Accidents can happen anytime, anywhere. Workers’ compensation laws are in place in every state to protect employees against loss of income and for medical payments because of work-related injuries, accidents, illness, or disease. This system is important to protect employees, but it’s an expensive and complex system that employers and labor groups have tangled over for years.
To help deal with disagreements, the Workers’ Compensation Advisory Council (WCAC) was created in 1992 as a permanent council to address issues and recommend legislation pertaining to workers’ compensation. This group has made a big difference in resolving differences over the years and reaching agreements to update and reform the system.
In recent years, the council has worked on coming up with a set of recommendations to remedy some of the disagreements between employers and employees and to help reform the system in general to allow it to work better for all parties.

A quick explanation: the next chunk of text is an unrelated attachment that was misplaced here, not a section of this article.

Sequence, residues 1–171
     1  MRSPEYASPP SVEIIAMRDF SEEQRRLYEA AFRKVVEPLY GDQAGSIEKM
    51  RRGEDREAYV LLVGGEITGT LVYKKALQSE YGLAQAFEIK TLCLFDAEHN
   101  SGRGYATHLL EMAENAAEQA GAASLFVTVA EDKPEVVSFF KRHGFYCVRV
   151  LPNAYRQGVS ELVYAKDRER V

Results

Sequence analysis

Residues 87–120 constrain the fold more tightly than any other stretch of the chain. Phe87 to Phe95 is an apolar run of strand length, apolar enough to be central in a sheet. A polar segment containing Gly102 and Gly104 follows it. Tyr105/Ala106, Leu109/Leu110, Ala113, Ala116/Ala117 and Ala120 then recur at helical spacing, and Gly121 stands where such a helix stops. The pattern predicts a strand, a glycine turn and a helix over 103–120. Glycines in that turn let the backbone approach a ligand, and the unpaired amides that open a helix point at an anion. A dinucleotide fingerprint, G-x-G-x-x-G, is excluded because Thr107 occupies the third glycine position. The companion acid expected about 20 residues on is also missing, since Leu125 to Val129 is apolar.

The recommendations representing a bipartisan agreement will begin to lower costs and provide for a more efficient workers’ compensation system. The bill changes the way hospitals are reimbursed for workers’ compensation billing and insists on prompt payment for hospital bills. If this bill is passed, it will go into effect on January 1, 2016. The legislation focuses on inpatient hospital care, which represent 25% of system health care costs, but triggers are included to begin reforming payments for other forms of medical services.
The bill received a hearing in the Senate State and Local Government Committee this week. (S.F. 2056)